Movie Review: Lights Out

Here’s a question for you. Someone you know has returned shaken and pale, from wherever they were going and asked you to check out the mysterious smells/sounds/sights coming from an unused passageway/room that they were just in. As you dutifully approach, you see green and purple clouds coming from underneath the closed door, hear moans, and when you turn around, the coatrack has somehow positioned itself directly behind you. Your first response is to:

a) Run like hell in the opposite direction.

b) Keep going! All the while whispering, “Hello? Hello? Is anybody there?” until any light is extinguished, and you are attacked by a supernatural creature from whose talons you barely manage to extract yourself from because you have chosen a time to investigate when you have no backup.

Well, most people would pick a) because they’re too smart to be a character in a horror movie, but not the crew in “Lights Out.” Fortunately, all of them have the IQ of a houseplant and the commonsense of a Dorito, so it takes them quite awhile to resolve the mystery that arises. First, we meet Billy Burke, who agrees to check out the mysterious presence which has frightened his coworker, but it’s during the first ten minutes, so I hope I’m not spoiling anything when I report that he does not survive. Fast forward, and his adult daughter (Teresa Palmer) gets a call from her little brother’s (Gabriel Bateman) school, and when she investigates she finds that their mom (Maria Bello) is off her meds again and scaring the crap out of the boy by insisting that her mysterious friend named “Diana” (Alicia Vela-Bailey) is living with them, only she prefers the lights out. The social worker from Child Protective Services is also not a rocket scientist, and does not become suspicious that a family would produce two children behaving oddly but similarly in different time periods. Thus she informs Teresa that she disapproves of her trying to gain custody of her little brother. So with only her memories of this Diana person, Teresa starts rummaging through mom’s stuff and discovers that she was (another spoiler but not a huge one) a patient at a mental hospital when she was a girl. Could this possibly be where she first hooked up with Diana? Eventually, Teresa getting nowhere with her mom, decides to spend the night with her and Gabriel (with her boyfriend Alexander DiPersia), and that is when things start to get ugly.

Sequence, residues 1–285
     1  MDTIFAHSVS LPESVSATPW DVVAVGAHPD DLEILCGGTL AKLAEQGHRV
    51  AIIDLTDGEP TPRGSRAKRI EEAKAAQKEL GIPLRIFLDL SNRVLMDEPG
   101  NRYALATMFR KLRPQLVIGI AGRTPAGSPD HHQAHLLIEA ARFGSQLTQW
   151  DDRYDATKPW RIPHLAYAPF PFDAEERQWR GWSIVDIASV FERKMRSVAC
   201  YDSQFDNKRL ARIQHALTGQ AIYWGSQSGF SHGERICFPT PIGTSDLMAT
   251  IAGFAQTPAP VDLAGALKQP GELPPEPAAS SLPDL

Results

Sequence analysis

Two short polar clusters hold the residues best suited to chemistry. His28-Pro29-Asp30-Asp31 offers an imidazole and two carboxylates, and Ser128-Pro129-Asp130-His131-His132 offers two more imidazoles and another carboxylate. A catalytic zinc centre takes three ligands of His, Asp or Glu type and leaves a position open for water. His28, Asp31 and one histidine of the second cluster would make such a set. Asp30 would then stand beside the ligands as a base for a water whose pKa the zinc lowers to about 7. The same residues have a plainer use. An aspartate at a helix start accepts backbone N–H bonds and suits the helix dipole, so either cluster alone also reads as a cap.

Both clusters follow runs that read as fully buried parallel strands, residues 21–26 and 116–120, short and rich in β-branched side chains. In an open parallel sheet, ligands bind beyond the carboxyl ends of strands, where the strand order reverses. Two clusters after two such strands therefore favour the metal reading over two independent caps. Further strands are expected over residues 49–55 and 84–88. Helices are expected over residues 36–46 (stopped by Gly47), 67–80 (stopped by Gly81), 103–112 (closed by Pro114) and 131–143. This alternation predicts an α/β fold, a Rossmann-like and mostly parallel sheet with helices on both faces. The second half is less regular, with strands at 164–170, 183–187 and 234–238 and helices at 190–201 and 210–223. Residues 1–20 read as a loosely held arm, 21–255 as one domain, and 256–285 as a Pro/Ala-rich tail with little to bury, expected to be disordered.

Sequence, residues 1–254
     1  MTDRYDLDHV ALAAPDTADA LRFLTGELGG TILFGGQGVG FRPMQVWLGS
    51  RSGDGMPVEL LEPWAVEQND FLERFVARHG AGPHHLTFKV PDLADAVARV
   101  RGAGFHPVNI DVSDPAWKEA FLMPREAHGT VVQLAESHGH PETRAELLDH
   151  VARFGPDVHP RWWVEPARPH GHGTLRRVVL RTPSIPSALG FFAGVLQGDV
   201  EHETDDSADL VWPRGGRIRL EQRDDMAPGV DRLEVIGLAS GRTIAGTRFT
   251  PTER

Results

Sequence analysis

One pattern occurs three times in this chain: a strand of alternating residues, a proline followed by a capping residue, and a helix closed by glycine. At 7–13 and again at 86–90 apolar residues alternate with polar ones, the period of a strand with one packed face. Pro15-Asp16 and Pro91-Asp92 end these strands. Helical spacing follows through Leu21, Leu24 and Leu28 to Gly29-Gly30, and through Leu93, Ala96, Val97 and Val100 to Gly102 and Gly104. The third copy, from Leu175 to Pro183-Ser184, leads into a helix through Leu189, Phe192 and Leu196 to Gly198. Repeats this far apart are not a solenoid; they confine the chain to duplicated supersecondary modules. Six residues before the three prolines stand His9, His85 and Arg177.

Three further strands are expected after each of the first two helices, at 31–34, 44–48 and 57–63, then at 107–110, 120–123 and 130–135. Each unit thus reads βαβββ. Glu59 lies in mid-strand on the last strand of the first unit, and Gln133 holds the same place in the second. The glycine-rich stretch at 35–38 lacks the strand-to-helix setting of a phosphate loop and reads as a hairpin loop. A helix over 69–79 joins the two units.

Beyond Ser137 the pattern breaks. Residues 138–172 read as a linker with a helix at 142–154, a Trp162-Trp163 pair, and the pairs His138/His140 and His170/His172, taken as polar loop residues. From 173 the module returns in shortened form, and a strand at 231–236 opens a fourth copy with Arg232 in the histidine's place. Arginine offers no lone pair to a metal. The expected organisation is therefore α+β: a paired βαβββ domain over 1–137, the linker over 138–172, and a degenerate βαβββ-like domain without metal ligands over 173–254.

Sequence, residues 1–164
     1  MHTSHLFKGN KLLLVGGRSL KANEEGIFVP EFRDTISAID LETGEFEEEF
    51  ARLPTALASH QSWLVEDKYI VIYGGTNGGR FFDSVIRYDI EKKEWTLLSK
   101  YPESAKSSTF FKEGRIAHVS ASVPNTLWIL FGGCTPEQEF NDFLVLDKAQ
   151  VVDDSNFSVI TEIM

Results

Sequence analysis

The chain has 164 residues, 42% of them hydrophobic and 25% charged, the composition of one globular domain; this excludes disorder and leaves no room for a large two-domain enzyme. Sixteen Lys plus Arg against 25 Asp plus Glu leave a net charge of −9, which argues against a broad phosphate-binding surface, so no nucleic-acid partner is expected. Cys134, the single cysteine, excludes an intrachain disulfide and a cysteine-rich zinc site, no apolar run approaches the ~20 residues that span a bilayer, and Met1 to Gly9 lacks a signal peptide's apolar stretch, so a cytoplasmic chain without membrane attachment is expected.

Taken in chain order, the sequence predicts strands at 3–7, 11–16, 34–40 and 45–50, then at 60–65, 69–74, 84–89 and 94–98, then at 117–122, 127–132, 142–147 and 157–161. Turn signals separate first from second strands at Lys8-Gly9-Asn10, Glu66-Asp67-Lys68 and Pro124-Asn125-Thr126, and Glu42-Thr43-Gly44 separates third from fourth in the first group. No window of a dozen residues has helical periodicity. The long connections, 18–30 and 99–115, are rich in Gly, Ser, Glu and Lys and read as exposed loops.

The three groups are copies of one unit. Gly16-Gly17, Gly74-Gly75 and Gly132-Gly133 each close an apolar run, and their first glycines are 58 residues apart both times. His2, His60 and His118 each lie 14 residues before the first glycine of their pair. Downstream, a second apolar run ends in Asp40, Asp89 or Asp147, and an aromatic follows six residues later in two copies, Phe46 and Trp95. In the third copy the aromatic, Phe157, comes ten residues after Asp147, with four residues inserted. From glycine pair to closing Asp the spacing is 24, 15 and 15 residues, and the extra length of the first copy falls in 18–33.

So why do they insist on staying overnight in a haunted house? Because the little boy won’t be separated from his mom, and I’m sorry, but that’s when, as an older sibling, you pull rank and take the kid to a hotel, while explaining that mom has gone off her “vitamins,” but that you are really, really going to try and get her help.  Anyway, Diana wreaks quite a bit of havoc but is ultimately vanquished, though not without a big sacrifice. To compare it to last year’s “The Visit,” the plusses are that it’s much shorter, no one gets hit in the face with the contents of an adult diaper, and the little boy doesn’t rap a single note. My audience didn’t seem too scared, and most of it will probably remind you of other horror movies, but again, it doesn’t waste time pretending to be anything other than entertainment.

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